On cross-examination, Molfese was asked about a somewhat different account of the event that he had dictated to his secretary in a memorandum dated May 1, 2009. (Tr. 359-63.) In his deposition, he had testified that the memorandum accurately reflected what went on at the 24 S. Morgan job site. (Tr. 354-55.) The memorandum (Defs.' Ex. 3), was admitted for impeachment only. (Tr. 363.) In the memorandum, Molfese described the event as follows:
On August 19, 2008, the picketers were blocking the north alley at 24 South Morgan, which is the garage entrance. I did not want any confrontations with the picketers, so I backed my car up and parked my car in the south alley. I got out, walked towards the main entrance to confirm that the tile installation was complete in the lobby. As I was walking to my car, I saw Pat Ryan standing by my car door trying to get in. I asked him why he was trying to get in my car. As I reached for the car -for the car handle to get in, he looked me straight in the face and kneed me in the ribs. I asked him why he hit me. He replied, I'm going to give you another [expletive] heart attack, and tried to close the car door while I was leaning on the car seat.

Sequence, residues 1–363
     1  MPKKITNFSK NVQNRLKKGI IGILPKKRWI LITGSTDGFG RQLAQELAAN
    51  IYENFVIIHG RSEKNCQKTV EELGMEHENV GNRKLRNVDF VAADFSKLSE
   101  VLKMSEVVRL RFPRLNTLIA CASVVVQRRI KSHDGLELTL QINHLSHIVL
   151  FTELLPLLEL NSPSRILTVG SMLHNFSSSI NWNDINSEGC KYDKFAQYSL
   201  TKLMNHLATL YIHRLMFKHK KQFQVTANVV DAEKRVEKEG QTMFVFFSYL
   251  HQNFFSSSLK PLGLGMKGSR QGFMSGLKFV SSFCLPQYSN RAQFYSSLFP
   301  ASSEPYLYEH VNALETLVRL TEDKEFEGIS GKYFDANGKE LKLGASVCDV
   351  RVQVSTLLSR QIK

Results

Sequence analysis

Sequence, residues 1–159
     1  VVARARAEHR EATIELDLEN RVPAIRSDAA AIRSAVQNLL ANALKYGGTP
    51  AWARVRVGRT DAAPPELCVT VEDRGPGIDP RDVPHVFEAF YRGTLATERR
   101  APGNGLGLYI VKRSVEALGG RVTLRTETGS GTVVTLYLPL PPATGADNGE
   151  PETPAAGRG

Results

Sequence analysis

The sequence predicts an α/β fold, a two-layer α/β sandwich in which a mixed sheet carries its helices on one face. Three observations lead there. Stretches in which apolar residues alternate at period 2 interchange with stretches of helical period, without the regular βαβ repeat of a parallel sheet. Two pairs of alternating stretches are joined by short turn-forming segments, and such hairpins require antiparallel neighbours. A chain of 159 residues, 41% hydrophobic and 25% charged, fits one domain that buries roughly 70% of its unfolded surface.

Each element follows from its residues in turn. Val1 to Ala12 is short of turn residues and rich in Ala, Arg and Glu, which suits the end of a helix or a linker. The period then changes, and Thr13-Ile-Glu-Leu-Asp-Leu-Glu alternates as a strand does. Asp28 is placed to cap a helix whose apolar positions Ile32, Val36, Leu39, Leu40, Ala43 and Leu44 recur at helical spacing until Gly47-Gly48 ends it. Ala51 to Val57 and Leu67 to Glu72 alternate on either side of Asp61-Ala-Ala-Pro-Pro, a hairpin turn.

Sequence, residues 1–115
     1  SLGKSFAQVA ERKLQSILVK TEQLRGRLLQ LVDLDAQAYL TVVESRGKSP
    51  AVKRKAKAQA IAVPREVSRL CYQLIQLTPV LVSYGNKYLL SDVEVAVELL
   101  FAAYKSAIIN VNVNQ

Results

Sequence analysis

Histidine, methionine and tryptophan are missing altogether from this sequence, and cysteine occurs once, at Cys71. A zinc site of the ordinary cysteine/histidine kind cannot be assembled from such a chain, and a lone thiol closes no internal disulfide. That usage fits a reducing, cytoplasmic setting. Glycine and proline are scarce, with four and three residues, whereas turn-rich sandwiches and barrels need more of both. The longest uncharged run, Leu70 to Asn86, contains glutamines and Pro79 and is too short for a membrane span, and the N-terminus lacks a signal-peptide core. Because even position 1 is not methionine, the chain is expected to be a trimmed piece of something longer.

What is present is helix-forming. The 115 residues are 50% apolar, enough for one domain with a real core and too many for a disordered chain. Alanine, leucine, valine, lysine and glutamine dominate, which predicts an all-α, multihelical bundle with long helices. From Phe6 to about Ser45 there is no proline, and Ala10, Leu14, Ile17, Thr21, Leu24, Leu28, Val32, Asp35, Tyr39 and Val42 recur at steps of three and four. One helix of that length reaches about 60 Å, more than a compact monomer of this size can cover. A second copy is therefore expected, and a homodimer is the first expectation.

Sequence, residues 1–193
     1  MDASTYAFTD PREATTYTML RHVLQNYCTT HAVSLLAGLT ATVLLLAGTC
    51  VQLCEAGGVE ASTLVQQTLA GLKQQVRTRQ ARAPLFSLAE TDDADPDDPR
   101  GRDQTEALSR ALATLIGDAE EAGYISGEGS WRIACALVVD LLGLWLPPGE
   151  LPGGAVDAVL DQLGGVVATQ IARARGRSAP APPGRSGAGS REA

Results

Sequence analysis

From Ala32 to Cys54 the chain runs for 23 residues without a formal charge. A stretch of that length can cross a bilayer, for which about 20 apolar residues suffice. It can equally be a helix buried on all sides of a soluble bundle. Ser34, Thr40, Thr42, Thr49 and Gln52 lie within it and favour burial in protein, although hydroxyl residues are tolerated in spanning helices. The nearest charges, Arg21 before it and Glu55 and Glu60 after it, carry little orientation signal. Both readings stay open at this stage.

Afterward Edmund Sexton walked by the car and told Pat Ryan, let's go. I was calling 911. Ten, 15 minutes later the police arrived, the police arrested Pat Ryan for assault. (Tr. 359, quoting Defs.' Ex. 3.) At trial, Molfese affirmed those statements as accurate. (Tr. 359.) Notably absent is any mention of CSI's contract with Local 831, discussing it or putting it in the car, any reference to Ryan saying "hit me, hit me, hit me," or the presence of Pietro Molfese.
Pietro Molfese testified that around 10:15 a.m. on August 19 he heard Ryan yell to Molfese, "[W]ho the [expletive] are these [racial slur] trying to take our work," and saw Ryan knee Molfese in the chest area on the left side. (Tr. 168.) After the altercation, Pietro Molfese went over to Molfese, whom he observed to be bending over in pain and who told him that his side hurt. (Tr. 169.) Molfese told him to go back to work. (Tr. 169.) Pietro Molfese's testimony about the exchange between Ryan and Molfese was almost word-for-word as Molfese testified, including Ryan saying "hit me, hit me, hit me." (Tr. 169.) At his deposition, however, Pietro Molfese did not mention Ryan saying "hit me, hit me, hit me." (Tr. 171.)